Ted Nesi’s Saturday Morning Post: March 5

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Happy Saturday! Here’s another edition of my weekend column for WPRI.com – as always, send your takes, tips and trial balloons to tnesi@wpri.com, and follow @tednesi on Twitter.

1. Donald Trump is on course to win Rhode Island – and probably win it big – if the dynamics of the Republican presidential race don’t change significantly between now and the April 26 primary. Start with the best data we have: Trump’s dominant performance on Tuesday in the 20 Massachusetts border towns of Bristol County: 62% in Fall River, 59% in Swansea, 54% in Seekonk, 50% in Attleboro. These places have much in common with the population centers around Providence. Note, too, that the Massachusetts exit poll showed Trump at 51% with Republicans and 50% with independents – and there are way more registered independents than registered Republicans in both states. Rhode Island’s GOP primary electorate has shown in the past it isn’t too concerned about ideological deviations or party loyalty: recall Ken Block netting 45% of the vote less than two years ago. New York Times numbers guru Nate Cohn projects Trump is on track to get 46% of the vote in Rhode Island, making it the best upcoming state on the map for him, and two Brown surveys had him topping 40%. Trump’s message, too, is in many ways tailor-made for Rhode Island, a state hammered by the flight of manufacturing jobs overseas and grappling with major demographic shifts. “I’m very optimistic that Trump could do some significant numbers in the state,” Joe Trillo, his honorary Rhode Island chairman, told our Jared Pliner after Super Tuesday. The silver lining for anti-Trump Republicans: Rhode Island divides its 19 delegates proportionally. (Sort of. You have to get 10%, and there are only three delegates to give out in each congressional district, so if four people get more than 10% – well, read the rules yourself.)

2. A reminder of how Donald Trump’s immigration rhetoric could help him win support across party lines: North Providence Rep. Arthur Corvese, a Democrat, introduced legislation this week to block Rhode Island from granting driver’s licenses to illegal immigrants or having “sanctuary cities” that protect them. Corvese argues that “if we allow Rhode Island to become a magnet for illegal immigrants, we are jeopardizing public safety and unduly taxing our resources.” Advocates take a different view, noting the tax revenue they generate.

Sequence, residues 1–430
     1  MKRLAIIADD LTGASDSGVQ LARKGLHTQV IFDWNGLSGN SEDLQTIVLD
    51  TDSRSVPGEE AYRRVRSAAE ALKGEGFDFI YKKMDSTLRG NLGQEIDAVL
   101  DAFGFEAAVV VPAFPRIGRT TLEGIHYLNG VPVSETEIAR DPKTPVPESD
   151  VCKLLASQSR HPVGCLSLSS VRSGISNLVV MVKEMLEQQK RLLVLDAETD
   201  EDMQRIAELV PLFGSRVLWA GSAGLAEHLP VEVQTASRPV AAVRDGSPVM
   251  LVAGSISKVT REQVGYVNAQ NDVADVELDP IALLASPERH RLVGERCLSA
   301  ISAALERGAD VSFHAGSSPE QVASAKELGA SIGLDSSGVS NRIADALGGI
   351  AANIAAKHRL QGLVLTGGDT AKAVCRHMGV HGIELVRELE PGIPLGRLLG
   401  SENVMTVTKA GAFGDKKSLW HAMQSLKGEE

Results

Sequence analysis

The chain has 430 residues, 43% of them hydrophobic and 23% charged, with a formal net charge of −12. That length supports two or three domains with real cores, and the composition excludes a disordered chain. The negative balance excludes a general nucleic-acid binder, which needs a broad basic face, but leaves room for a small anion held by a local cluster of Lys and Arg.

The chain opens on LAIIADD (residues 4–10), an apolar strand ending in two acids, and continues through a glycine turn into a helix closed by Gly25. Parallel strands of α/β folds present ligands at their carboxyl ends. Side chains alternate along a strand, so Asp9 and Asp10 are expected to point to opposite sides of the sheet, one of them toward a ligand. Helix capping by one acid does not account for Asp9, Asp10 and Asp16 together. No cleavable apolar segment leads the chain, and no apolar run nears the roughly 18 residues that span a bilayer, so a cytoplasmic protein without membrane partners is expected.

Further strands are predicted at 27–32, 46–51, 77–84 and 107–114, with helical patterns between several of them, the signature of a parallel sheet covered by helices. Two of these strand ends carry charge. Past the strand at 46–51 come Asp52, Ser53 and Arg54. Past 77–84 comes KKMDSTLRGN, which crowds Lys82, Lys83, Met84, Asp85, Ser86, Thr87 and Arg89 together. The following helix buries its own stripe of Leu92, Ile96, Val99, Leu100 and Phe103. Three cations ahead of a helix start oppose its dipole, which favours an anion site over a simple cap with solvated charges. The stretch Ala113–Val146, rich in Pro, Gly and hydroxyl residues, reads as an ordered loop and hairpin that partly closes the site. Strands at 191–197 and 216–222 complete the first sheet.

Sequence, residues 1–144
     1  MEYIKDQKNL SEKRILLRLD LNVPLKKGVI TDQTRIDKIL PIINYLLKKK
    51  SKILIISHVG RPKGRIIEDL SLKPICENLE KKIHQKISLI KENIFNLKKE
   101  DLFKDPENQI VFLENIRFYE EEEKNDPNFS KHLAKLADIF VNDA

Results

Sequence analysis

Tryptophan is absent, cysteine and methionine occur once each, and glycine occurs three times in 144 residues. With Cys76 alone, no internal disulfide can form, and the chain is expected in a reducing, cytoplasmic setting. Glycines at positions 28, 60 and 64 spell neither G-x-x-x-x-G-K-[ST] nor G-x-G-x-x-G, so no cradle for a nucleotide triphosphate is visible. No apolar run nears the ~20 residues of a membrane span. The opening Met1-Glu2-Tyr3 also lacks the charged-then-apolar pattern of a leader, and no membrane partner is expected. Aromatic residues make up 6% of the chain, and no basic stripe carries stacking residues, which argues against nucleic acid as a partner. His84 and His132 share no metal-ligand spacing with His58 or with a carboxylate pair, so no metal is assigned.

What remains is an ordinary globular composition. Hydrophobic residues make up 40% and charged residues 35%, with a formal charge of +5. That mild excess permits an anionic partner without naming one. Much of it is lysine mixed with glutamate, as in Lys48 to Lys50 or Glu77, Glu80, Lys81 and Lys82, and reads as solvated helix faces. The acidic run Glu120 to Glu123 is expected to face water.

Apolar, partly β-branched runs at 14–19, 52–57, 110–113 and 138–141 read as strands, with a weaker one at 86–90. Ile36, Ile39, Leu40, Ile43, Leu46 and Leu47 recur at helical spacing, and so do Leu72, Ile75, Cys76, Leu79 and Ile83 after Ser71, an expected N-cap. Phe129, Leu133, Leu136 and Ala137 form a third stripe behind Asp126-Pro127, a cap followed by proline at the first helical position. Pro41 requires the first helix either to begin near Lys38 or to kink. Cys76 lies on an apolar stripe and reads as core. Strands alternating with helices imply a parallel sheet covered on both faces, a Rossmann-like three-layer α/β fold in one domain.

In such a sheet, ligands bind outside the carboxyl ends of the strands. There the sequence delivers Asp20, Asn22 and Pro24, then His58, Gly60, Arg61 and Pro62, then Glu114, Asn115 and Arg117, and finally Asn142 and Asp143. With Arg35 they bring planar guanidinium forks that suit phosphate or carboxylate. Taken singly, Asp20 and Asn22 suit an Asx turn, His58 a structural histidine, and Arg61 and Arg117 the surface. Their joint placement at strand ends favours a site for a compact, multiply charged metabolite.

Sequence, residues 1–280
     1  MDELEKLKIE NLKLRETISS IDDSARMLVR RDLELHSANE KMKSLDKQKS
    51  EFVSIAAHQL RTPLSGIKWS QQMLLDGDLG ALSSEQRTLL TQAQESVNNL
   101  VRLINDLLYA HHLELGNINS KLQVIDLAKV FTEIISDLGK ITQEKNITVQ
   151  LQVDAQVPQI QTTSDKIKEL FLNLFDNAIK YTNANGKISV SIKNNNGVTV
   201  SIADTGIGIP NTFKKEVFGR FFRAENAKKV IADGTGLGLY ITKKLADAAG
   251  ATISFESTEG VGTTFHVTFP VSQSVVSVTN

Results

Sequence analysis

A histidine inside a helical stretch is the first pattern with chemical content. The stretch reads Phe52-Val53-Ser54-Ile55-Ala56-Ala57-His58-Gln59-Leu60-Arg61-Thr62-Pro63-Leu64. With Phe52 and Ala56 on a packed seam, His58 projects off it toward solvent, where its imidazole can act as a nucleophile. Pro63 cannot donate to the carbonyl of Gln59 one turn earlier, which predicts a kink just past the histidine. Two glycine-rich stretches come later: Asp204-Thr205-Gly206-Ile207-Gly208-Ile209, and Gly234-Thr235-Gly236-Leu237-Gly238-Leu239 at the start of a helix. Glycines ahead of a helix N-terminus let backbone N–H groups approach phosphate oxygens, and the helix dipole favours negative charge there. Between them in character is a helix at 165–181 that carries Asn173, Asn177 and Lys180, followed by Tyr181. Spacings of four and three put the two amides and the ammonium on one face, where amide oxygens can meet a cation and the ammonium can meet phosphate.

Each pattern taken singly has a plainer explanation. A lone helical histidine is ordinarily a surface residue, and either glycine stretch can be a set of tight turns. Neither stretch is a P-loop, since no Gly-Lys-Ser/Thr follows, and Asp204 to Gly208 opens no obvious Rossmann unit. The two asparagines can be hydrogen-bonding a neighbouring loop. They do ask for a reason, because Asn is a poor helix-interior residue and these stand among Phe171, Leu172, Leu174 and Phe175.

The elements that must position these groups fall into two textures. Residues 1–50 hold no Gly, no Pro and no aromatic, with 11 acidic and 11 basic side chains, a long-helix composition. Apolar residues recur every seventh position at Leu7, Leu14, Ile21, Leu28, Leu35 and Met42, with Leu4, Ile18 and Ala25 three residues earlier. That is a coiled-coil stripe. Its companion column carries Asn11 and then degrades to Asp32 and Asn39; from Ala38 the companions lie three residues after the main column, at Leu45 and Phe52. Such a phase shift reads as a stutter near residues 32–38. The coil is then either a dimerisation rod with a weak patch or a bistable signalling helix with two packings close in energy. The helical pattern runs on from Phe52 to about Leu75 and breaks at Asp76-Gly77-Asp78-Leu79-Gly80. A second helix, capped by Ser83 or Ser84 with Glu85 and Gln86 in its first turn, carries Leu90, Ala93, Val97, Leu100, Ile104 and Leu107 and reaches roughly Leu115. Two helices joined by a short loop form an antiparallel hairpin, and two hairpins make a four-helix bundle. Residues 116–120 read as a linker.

3. And speaking of Rhode Island’s experience with outsourcing, the same authors who wrote the 2011 study showing Providence-area workers were hurt second-most by the rise of China are back with a grim sequel: “Adjustment in local labor markets is remarkably slow, with wages and labor-force participation rates remaining depressed and unemployment rates remaining elevated for at least a full decade after the China trade shock commences. Exposed workers experience greater job churning and reduced lifetime income.” And now there’s no housing bubble to mask the damage. No wonder Rhode Islanders are cranky.

4. Was Rhode Island wrong to move its primary from Super Tuesday to late April?

5. What a difference a year makes. PawSox Chairman Larry Lucchino made his maiden appearance on Newsmakers this week, and his comments should be music to the ears of Pawtucket Mayor Don Grebien. Lucchino pledged to keep the PawSox at McCoy Stadium through the end of the 2020 season, when its current lease expires, unless state officials ask the team to move. He said he’s in talks with the state to complete a study on upgrading McCoy that he hopes will be done by the end of this year, comparing it to the process that led him and John Henry to keep the big club at Fenway in 2005. Asked whether he has the same “predilection” to keep the PawSox at McCoy that he had to keep the Red Sox at Fenway, Lucchino said: “I think it’s probably close to that, but Fenway’s a bit different because of its iconic status and the solid bones that it really had in terms of its basic structure when it was built in 1912. So they’re not the same kind of ballpark, but we’re making the same kind of examination.” The interview’s most priceless moment, though, is the face Lucchino makes when asked about how Curt Schilling’s 38 Studios debacle impacted the push for a Providence ballpark. It comes around the 10:30 mark.

6. Rhode Islanders owe more than $81 million in delinquent court fees.

7. How close are the Rhode Island State Police and Attorney General Peter Kilmartin to wrapping up their years-long 38 Studios investigation? “It’s as close as it’s ever been to coming to some type of reality with an end game, without telling you what the end game is,” Col. Stephen O’Donnell said Thursday on Dan Yorke State of Mind. “That will happen.” He went on to acknowledge, “It morphed into a pretty long-term investigation. … We meet all the time on that – it’s not something that we don’t pay attention to.” O’Donnell also discussed his future involvement in policing trucks tolls and the Cranston “Ticketgate” scandal – worth watching.